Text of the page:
Skip to main content

iPhone 12 MagSafe has some big drawbacks — what you need to know

iPhone 12 Pro review
(Image credit: Tom's Guide)

One of the biggest announcements of the iPhone 12 launch event wasn’t the phone itself; it was the fact that Apple was resurrecting the MagSafe brand. While pitched as a more secure way to wirelessly charge your phone, it turns out that there are a lot of other ways you can utilize a ring of magnets on the back of your phone.

But with all the buzz and hype around the new MagSafe products, we have to admit to ourselves that magnets aren’t the solution to every problem. They’re incredibly useful when utilized properly. But some things don’t, and shouldn’t, need a special ring of magnets to work.

It's only been a few weeks since the iPhone 12 and 12 Pro launched, and we’re already seeing a huge range of products that hope to capitalize on MagSafe. Many of them have good reason to as well, like Moment’s camera accessories which promise  to connect to your phone without you having to wrestle it into the right grip. The same is true for car mounts and other similar add-ons.

But just because something can be attached by a magnet doesn’t mean it should. Like Apple’s own MagSafe wallet, which holds onto your credit cards and snaps onto the back of your phone. Maybe I’m being paranoid, but I feel like the thing holding all your money isn’t the kind of thing you should be able to easily remove.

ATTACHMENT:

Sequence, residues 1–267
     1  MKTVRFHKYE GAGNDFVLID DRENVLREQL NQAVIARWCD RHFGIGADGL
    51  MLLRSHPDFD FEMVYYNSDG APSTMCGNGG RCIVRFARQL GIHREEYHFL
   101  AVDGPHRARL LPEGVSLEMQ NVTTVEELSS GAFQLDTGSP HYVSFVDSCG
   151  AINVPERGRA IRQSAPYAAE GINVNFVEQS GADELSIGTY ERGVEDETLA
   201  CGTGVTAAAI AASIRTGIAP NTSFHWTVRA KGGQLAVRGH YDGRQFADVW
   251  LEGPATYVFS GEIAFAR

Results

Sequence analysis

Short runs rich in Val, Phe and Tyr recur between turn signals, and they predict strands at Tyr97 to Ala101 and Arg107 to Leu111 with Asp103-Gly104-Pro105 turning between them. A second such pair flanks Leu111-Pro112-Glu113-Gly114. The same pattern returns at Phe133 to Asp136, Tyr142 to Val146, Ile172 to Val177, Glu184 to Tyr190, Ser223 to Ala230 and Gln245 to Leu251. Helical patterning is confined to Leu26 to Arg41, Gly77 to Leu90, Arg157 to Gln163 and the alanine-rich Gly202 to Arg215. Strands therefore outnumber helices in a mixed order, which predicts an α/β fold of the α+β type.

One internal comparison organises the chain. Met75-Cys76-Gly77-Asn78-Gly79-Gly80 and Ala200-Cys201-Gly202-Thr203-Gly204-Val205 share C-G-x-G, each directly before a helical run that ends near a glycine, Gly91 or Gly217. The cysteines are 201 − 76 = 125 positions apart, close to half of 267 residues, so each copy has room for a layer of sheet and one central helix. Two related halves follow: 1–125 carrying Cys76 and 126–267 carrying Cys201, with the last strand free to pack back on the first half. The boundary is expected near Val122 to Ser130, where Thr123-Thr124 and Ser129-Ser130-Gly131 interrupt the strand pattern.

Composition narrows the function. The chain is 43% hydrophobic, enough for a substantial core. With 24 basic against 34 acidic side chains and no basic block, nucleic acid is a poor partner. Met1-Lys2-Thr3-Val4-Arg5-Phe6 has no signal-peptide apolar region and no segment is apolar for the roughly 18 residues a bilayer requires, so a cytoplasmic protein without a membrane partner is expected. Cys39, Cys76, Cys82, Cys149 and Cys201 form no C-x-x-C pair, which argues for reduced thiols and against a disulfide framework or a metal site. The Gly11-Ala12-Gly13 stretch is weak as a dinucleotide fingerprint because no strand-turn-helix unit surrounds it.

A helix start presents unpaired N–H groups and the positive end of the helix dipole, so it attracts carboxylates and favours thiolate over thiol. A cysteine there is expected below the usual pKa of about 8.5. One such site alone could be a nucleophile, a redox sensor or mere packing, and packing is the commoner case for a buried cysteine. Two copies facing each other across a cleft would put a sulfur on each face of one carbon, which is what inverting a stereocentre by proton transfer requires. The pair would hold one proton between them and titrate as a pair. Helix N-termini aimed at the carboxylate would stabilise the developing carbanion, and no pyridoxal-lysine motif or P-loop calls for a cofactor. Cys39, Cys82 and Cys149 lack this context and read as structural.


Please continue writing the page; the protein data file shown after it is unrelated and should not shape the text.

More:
You can argue the pros and cons of keeping credit cards in a phone case in general, but until this point those cases have generally been quite sturdy — and most importantly firmly attached to the phone. Taking off the wallet part without taking the whole phone would be a challenge, to say the least. As secure as the MagSafe magnets might cling onto that wallet, you’re still relying on a quirk of physics to keep it all together.

Just take a look at this video from MacRumors and see what I mean. Skip ahead to 2:20 for the pertinent section.

While secure enough for generally waving your phone around, the fact that MacRumors' review had issues with the wallet falling off shows a key failing of MagSafe accessories. Magnets are fantastic if you need to connect two things temporarily, or if you’re not really moving them around, but beyond that they’re just not secure enough.

It’s bad enough to pay $60 for a wallet attachment that can come loose at random intervals during the day. But when it’s holding critically important contents — be they credit cards, drivers licences, or something else — it becomes a much more serious problem than overpaying for a leather pouch.

Apple could have made the magnetic grip stronger, sure, but that would lead to more problems than it would solve. Like the fact that you may need to remove the wallet to get your cards out, or that the iPhone 12 can’t MagSafe charge while it’s still in place. Not to mention that there have already been warnings from Apple about how the existing magnets might affect the magnetic strips and RFID chips you would find in things like credit cards, key fobs, and so on. Increase magnet strength, and those problems will increase along with it.

Let’s just be a bit more cautious about what accessories we decide to include MagSafe on. Chargers and compatible cases? Sure thing. Accessories that were never meant to be used for extended periods of time? Absolutely, if it makes things easier. Something that will cause serious problems if the magnets disconnect suddenly? Let’s give those a miss.

Whether it’s a wallet, a selfie stick, or something else entirely, magnets are not a fool-proof solution. So let’s use a bit of common sense. Because let’s be honest, the last thing you need is a dodgy magnet connection coming apart at the worst possible moment.